Petronella Tshuma, the star of the Durban International Film Festival's opening film, The Tokoloshe, debuted her baby bump at the opening ceremony in Durban, on Thursday.
Wearing a Xhosa umbhaco inspired garment by Urban Zulu, she looked glowing on the red carpet ahead of the premiere of her latest movie.
“Yes, I am soon going to be a mother of two,” the Rhythm City actress said on the red carpet.
She’s in her prime as one of the leading young actresses in South Africa. However, The Tokoloshe is her first leading role and she was handpicked for it.
"I didn’t audition for the role," she revealed. "I was in England when I got the call from Jerome and the producers (Cati and Dumi) that they wanted me to play Busi. Their decision was informed by my past works.”
The Tokoloshe is Tshuma’s second film to be chosen to open the DIFF. The first was 2013’s Of Good Report which was controversially not allowed to be screened by the Film and Publications Board. Directed by Jerome Pikwane, the horror-thriller is the second genre film to open the festival, after last year’s Serpent by Amanda Evans.
In The Tokoloshe, Tshuma plays Busisiwe, a destitute woman who gets a job as a cleaner at a neglected hospital in Joburg.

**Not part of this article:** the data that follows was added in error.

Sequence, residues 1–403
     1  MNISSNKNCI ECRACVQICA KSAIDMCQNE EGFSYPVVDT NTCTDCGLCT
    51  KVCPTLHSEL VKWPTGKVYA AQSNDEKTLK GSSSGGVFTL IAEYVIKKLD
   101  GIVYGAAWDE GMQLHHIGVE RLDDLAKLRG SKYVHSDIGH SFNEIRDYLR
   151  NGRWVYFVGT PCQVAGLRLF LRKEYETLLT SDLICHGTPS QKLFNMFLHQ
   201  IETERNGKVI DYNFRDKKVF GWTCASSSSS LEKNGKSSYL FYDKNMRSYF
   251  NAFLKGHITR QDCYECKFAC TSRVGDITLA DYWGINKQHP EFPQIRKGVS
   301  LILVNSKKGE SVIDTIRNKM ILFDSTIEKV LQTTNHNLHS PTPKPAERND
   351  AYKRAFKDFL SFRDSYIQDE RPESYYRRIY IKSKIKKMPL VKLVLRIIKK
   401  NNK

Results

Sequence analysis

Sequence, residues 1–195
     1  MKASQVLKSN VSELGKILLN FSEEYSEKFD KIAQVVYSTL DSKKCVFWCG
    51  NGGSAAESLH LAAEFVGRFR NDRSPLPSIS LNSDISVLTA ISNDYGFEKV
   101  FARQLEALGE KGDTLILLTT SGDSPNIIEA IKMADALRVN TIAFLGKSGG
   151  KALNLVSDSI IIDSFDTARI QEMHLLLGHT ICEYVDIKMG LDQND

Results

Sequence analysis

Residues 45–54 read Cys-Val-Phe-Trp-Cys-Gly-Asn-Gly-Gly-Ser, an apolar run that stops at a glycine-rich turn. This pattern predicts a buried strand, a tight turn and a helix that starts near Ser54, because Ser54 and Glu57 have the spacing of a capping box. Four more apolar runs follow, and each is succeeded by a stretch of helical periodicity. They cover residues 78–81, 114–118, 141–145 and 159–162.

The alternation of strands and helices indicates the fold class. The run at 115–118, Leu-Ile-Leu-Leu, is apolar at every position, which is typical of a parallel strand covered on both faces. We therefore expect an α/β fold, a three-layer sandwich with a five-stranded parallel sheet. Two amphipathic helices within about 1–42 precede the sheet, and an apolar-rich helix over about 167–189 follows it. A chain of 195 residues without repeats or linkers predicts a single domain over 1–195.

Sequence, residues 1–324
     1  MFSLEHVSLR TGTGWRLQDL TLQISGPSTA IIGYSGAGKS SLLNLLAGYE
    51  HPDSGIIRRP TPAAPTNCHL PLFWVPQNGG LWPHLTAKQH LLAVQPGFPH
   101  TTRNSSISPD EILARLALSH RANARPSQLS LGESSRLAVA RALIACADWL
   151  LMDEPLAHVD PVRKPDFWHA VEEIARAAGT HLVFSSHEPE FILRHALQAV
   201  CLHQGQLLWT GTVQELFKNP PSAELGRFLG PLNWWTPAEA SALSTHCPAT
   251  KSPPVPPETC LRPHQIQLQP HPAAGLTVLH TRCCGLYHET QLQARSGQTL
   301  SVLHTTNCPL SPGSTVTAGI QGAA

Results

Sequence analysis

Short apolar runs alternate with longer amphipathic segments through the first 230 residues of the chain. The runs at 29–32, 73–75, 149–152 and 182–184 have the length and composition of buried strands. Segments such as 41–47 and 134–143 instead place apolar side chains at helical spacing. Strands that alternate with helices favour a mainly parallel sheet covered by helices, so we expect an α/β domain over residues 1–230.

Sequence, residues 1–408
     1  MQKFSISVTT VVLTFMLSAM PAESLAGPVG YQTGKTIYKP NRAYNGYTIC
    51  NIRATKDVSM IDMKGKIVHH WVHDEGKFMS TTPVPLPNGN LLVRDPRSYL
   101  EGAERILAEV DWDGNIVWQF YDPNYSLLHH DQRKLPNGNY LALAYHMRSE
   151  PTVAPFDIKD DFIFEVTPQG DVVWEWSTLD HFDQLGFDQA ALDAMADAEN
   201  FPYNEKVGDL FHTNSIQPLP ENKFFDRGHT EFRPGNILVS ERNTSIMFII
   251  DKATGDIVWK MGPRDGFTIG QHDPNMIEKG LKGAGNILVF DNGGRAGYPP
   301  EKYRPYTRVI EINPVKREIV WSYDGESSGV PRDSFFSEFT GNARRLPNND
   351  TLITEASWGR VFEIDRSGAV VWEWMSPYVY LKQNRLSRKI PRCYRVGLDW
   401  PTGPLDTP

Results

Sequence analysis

She not only has to deal with the dodgy hospital manager, but also discovers an abandoned girl who believes she’s tormented by a supernatural force. Busi must face demons from her past in order to save the child from the abusive monster that pursues them relentlessly.
Tshuma thinks it’s a step in the right direction, telling stories inspired by African myths and folklore.
“South Africans are more than ready. And especially this story; it hits home. And that’s where our hearts are. We need to be telling more. Let’s tell stories for our people and for ourselves.”
When asked if she regards herself as a leading lady, she is not certain whether she is or not. “I have actually never thought of this, and no one has ever asked me about it. I think I’m on my way to being a leading lady. I’ve always played the supporting lead, but I have always wanted to play a leading role. Do I consider myself one? Not yet.”
“It comes with a lot of pressure to deliver. Can I carry the film? The story told in the film? Can I take the audience on a journey? I’m nervous on what the reaction will be about this film, and I know I will beat myself about my performance. Knowing I had to carry this story in its entire truth is scary, and yet so amazing! I really hope that it’s received well, and it does cement me as a leading lady.”
The 39th Durban International Film Festival is taking place at various venues in Durban and will end on Sunday, July 28. The Tokoloshe will be released on the big screen on November 2, 2018.